Intel is rumored to be laying off manufacturing staff in Costa Rica and relocating resources to Asia-Pacific as it bids to lower costs and compete on price in the mobile and server chip sectors.
Local media reports in Costa Rica, where Intel is a significant and important employer, suggest that about 1,500 of the 2,500 Intel Corp. (Nasdaq: INTC) manufacturing staff may lose their jobs as a result of the move. About 1,200 jobs in Engineering and Design will, however, remain unaffected and may even grow, with the potential addition of 200 more positions being suggested.
If the reports are accurate, it would be a major blow to the Central American country, as Intel's investment of $800 million over the years has resulted in microprocessors accounting for more than 20% of Costa Rica's exports in 2013, which in dollar terms is about $2.4 billion worth of chip-related exports. (And you thought it was just coffee and bananas being shipped out of Costa Rica…)
Political rhetoric indicated that Intel's move may be the result of rising utility costs. In late February, the Costa Rican Union of Chambers and Associations of Private Business Sector (UCCAEP) stated that the cost of electricity is dramatically pushing up production costs in the country. The organization performed a survey and asked employers if any single factor was leading to higher costs: 45% indicated that electricity prices had a high or very high impact, while 20% indicated that electricity prices had a greater impact than fuel prices and wage adjustments.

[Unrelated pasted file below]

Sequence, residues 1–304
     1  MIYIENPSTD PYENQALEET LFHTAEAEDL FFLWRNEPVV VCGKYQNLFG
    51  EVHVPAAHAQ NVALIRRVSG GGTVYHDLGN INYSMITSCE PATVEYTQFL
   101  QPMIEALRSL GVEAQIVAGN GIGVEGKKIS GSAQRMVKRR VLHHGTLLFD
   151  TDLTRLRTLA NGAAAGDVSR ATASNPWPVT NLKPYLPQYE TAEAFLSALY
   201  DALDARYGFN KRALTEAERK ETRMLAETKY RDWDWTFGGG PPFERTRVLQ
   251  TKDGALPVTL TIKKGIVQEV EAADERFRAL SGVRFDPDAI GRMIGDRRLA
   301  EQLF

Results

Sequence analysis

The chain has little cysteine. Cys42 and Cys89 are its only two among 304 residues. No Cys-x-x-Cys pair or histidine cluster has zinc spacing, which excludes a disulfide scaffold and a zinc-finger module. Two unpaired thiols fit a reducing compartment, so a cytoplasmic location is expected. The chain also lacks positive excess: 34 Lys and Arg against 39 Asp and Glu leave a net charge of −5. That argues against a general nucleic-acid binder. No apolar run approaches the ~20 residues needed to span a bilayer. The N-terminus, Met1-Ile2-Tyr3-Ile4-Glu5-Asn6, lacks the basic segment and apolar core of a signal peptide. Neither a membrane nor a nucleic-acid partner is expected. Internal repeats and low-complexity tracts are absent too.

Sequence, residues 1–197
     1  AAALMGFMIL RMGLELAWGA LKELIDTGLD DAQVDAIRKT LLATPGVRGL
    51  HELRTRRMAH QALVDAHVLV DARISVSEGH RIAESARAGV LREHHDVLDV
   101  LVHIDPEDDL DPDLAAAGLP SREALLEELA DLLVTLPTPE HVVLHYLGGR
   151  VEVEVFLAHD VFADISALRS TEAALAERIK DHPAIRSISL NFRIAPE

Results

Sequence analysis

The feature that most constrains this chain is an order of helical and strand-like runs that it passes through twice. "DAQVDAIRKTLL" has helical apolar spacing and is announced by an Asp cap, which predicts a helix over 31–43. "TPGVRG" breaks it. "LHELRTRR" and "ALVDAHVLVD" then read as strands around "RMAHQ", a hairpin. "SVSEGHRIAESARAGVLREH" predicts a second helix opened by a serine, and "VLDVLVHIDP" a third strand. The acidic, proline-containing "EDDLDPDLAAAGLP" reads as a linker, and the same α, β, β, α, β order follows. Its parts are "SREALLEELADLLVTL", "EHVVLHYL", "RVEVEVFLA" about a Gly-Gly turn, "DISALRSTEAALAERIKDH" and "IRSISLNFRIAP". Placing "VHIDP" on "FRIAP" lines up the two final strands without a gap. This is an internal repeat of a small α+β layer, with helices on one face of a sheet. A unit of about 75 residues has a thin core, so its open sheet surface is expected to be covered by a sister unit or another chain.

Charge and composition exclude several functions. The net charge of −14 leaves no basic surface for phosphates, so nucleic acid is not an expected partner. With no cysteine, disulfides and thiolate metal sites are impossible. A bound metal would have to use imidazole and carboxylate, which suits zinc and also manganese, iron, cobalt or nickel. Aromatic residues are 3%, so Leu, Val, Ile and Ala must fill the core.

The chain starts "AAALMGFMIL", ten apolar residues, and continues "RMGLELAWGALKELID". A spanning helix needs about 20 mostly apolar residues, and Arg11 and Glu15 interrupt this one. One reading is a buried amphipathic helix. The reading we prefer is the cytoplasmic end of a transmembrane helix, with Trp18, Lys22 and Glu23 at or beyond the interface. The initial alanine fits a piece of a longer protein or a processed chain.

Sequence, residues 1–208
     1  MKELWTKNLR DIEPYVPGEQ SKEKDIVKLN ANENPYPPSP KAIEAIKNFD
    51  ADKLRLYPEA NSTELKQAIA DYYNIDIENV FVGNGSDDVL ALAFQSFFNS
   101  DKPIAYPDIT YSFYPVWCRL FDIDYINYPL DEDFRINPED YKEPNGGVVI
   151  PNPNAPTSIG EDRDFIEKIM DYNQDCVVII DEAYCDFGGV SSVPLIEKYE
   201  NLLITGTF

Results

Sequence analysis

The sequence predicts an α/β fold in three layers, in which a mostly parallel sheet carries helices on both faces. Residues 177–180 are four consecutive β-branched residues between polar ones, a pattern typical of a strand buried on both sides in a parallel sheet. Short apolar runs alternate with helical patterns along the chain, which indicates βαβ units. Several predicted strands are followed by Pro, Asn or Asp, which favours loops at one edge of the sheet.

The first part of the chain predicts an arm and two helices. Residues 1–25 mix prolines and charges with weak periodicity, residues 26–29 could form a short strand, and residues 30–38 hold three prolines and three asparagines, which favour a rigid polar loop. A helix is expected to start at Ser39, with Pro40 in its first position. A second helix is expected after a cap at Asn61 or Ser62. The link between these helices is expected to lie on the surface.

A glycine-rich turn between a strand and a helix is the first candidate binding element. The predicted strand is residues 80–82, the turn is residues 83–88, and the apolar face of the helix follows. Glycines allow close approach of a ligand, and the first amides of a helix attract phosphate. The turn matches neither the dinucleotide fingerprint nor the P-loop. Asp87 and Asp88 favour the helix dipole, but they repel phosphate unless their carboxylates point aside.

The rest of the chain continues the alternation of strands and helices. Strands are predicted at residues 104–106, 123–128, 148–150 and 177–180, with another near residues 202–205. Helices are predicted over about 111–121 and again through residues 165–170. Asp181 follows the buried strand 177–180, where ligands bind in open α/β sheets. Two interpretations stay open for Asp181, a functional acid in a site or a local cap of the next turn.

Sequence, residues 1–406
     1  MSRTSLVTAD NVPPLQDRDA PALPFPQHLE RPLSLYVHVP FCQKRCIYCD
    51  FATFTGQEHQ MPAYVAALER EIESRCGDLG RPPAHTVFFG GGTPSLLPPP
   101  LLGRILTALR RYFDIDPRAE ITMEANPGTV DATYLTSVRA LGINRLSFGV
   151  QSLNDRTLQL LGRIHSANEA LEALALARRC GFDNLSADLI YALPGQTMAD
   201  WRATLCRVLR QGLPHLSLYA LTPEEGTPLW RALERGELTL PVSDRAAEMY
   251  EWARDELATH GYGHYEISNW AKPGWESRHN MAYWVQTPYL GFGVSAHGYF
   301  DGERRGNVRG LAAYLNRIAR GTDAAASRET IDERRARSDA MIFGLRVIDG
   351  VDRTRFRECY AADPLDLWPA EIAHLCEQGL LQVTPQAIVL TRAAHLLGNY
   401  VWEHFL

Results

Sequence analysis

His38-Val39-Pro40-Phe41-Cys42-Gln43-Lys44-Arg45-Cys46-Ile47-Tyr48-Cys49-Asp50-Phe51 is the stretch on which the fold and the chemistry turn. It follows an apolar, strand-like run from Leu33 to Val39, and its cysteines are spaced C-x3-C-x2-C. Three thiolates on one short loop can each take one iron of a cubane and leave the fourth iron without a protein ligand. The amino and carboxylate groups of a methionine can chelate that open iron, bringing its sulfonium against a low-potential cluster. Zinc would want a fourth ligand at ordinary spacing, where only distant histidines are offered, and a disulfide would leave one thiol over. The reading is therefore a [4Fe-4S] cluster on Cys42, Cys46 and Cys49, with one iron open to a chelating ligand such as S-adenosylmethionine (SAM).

But if Intel is pulling out of manufacturing in the country in a significant way, it's likely not just because of increasing power prices or the political unrest cited by some (Costa Rica has just had a presidential election, won by Luis Guillermo Solis of the centre-left Citizen Action Party).
More likely is that this is part of a bigger shift by Intel towards an aggressive push into markets where it currently is not the dominant player. While the company controls most of the global high-end processor market, its products in the mobile and server markets are not price-competitive. Intel looks ready to remedy that situation and try to build a presence in the low-price device market, where all the action is. (See Intel CEO Gives It Large in China and 2014: Intel's Year of Living Wirelessly?)
Whatever the reason, if the rumor is true, and Intel is drastically cutting back its presence in Costa Rica, it would be a major blow for the tiny country of only 4.8 million residents, and present Solis, who says he will meet with Intel in the coming week, with a significant early challenge.
— Carolyn Mathas, Contributing Editor, special to Light Reading